May 6, 2019 11:43 am
Updated: May 6, 2019 5:24 pm

Montreal SPCA struggling with growing number of abandoned chickens

While dogs, cats and rabbits are par for the course, it appears a recent rise in urban farming has led to an increase in the number of unwanted chickens.

Global News

Animal welfare officials in Montreal are adding chickens to the list of abandoned creatures landing at their doorstep.

While dogs, cats and rabbits are par for the course, it appears a recent uptick in towns and boroughs allowing urban farming has also led to an increase in the number of unwanted chickens.

READ MORE: Raising chickens in Montreal, not for everybody

Story continues below

A spokeswoman for the Montreal branch of the Society for the Prevention of Cruelty to Animals said the city reported 20 abandoned chickens in 2016, and last year there were 38.

Part of the problem is that a lot of people don’t know what they’re getting into when they decide to begin backyard egg production, Anita Kapuscinska said.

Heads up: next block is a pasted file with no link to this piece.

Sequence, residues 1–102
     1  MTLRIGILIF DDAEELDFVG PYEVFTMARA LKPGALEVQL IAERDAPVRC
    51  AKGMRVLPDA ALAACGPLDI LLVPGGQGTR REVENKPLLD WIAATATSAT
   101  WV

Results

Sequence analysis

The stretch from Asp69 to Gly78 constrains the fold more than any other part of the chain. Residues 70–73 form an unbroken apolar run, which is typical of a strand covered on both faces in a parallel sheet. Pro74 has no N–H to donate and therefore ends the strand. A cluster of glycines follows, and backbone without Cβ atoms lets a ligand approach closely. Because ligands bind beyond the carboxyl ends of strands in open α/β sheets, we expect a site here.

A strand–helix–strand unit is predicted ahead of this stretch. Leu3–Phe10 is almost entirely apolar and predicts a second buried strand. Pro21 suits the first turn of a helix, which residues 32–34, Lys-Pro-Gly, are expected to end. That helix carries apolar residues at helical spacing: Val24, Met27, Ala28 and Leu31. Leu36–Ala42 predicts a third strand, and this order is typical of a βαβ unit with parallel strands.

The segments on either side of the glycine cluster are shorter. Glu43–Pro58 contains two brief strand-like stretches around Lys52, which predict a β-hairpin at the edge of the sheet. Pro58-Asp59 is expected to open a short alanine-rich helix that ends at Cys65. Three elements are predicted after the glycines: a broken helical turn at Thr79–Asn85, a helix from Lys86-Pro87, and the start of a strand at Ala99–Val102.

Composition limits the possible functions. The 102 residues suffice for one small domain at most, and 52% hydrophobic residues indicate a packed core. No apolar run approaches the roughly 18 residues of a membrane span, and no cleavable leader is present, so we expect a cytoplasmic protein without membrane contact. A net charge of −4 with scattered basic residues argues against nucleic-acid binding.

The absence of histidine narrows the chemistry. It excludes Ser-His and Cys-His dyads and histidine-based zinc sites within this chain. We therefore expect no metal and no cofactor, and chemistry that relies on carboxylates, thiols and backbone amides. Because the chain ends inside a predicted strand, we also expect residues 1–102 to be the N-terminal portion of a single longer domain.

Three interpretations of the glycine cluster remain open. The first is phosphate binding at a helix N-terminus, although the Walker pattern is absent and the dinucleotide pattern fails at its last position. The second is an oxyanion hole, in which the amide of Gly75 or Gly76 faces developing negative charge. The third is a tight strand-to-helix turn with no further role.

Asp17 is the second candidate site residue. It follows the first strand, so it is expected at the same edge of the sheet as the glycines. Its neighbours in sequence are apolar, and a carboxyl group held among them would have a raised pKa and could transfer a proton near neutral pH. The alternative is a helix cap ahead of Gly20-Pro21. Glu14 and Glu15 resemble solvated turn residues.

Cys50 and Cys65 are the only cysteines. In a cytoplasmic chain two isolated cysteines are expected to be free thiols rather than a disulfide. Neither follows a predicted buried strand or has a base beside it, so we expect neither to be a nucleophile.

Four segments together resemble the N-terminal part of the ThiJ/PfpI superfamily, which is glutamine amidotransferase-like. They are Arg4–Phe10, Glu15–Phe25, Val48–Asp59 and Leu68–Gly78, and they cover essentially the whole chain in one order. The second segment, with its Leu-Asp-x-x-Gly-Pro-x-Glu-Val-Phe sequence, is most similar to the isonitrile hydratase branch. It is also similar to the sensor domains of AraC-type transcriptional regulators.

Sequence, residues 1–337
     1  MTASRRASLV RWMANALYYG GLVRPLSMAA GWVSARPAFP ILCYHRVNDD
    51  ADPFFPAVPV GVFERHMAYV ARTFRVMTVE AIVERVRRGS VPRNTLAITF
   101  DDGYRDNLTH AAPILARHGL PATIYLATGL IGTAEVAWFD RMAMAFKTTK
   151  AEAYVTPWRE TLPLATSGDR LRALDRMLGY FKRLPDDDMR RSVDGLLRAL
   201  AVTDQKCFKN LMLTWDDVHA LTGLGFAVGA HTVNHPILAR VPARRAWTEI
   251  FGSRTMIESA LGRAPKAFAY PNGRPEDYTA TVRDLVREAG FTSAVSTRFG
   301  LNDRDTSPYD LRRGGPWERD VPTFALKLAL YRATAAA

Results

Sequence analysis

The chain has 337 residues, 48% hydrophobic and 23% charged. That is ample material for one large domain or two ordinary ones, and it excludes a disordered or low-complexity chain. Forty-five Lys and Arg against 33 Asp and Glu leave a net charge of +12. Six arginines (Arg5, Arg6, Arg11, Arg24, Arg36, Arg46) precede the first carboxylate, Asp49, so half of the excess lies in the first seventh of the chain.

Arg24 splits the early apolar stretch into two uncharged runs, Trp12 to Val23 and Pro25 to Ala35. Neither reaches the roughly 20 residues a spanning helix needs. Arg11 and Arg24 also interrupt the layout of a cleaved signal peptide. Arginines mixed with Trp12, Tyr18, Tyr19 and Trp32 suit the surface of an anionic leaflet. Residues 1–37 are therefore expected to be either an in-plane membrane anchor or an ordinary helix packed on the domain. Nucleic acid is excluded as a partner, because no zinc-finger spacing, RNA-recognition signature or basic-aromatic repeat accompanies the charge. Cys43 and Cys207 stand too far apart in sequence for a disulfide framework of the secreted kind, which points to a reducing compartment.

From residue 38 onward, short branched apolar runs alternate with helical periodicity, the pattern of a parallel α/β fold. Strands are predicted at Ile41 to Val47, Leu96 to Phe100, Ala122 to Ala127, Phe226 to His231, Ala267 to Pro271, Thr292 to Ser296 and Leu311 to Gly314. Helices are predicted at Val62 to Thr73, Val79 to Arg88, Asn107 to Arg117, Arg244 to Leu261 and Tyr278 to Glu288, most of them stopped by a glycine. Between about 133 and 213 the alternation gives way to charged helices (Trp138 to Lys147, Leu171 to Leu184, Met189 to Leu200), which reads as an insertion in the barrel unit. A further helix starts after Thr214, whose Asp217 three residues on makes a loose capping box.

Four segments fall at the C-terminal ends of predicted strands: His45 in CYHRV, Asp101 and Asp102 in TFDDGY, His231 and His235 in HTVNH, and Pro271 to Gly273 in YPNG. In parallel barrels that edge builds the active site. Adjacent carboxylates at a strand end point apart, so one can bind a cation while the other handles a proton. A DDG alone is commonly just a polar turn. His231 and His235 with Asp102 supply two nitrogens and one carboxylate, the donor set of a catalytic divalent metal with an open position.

“Many of them are being found or abandoned by people who simply do not know how to care for them,” Kapuscinska said in an interview.

READ MORE: Backyard chicken coop causes controversy in Saint-Lazare

Kapuscinska says the SPCA does not encourage urban chicken farming, even though urban coops are partly driven by not wanting to encourage factory farms.

More and more Canadian cities have been permitting urban chicken farming, with several Canadian cities permitting the practice. People often like the idea of knowing where their eggs come from.

But in some cases, Kapuscinska said they fail to consider what they’ll do once the chicken stops producing eggs, or if they end up with a rooster.

Chickens are dispatched to sanctuaries, not an easy task given the rising number of abandoned chickens, she said.

WATCH: Urban chicken coops on the rise in Montreal (May 2018)

Roosters present a specific problem — placing them in a refuge is problematic as most shelters only take one. It’s difficult to sex chicks at an early age and roosters tend to grow up to be quite aggressive and very loud — particularly in an urban environment — in addition to not laying eggs, she said.

Just last week, a stray chicken was picked up by the SPCA in a park and had to be treated for a foot injury.

Kapuscinska said people don’t consider that chickens often require specialized vet care not available in the city.

“There are already so many pets being abandoned on a regular basis and now that we’ve added chickens to that mix, it doesn’t help at all,” Kapuscinska said.

© 2019 The Canadian Press

Report an error


Want to discuss? Please read our Commenting Policy first.